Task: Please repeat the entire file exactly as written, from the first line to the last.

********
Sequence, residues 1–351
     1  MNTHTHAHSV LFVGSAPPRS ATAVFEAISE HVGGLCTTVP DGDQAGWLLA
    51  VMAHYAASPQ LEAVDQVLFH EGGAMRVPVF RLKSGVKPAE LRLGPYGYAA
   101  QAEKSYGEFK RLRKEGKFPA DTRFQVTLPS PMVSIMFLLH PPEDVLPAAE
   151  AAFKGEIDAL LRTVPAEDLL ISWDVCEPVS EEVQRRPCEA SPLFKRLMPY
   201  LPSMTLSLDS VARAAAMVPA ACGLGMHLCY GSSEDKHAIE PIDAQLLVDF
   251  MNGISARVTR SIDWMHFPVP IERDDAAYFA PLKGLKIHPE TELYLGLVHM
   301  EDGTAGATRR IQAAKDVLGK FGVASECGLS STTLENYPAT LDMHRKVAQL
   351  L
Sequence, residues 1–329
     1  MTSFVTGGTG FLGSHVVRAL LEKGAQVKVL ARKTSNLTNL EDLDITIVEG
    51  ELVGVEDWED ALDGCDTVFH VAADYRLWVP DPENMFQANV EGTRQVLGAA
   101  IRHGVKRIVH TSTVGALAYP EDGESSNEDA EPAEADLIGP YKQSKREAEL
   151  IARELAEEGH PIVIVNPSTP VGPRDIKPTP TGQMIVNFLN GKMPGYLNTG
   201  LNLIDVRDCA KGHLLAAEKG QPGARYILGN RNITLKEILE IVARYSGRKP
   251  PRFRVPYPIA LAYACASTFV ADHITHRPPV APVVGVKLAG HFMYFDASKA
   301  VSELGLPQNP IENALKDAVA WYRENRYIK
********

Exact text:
Sequence, residues 1–351
     1  MNTHTHAHSV LFVGSAPPRS ATAVFEAISE HVGGLCTTVP DGDQAGWLLA
    51  VMAHYAASPQ LEAVDQVLFH EGGAMRVPVF RLKSGVKPAE LRLGPYGYAA
   101  QAEKSYGEFK RLRKEGKFPA DTRFQVTLPS PMVSIMFLLH PPEDVLPAAE
   151  AAFKGEIDAL LRTVPAEDLL ISWDVCEPVS EEVQRRPCEA SPLFKRLMPY
   201  LPSMTLSLDS VARAAAMVPA ACGLGMHLCY GSSEDKHAIE PIDAQLLVDF
   251  MNGISARVTR SIDWMHFPVP IERDDAAYFA PLKGLKIHPE TELYLGLVHM
   301  EDGTAGATRR IQAAKDVLGK FGVASECGLS STTLENYPAT LDMHRKVAQL
   351  L
Sequence, residues 1–329
     1  MTSFVTGGTG FLGSHVVRAL LEKGAQVKVL ARKTSNLTNL EDLDITIVEG
    51  ELVGVEDWED ALDGCDTVFH VAADYRLWVP DPENMFQANV EGTRQVLGAA
   101  IRHGVKRIVH TSTVGALAYP EDGESSNEDA EPAEADLIGP YKQSKREAEL
   151  IARELAEEGH PIVIVNPSTP VGPRDIKPTP TGQMIVNFLN GKMPGYLNTG
   201  LNLIDVRDCA KGHLLAAEKG QPGARYILGN RNITLKEILE IVARYSGRKP
   251  PRFRVPYPIA LAYACASTFV ADHITHRPPV APVVGVKLAG HFMYFDASKA
   301  VSELGLPQNP IENALKDAVA WYRENRYIK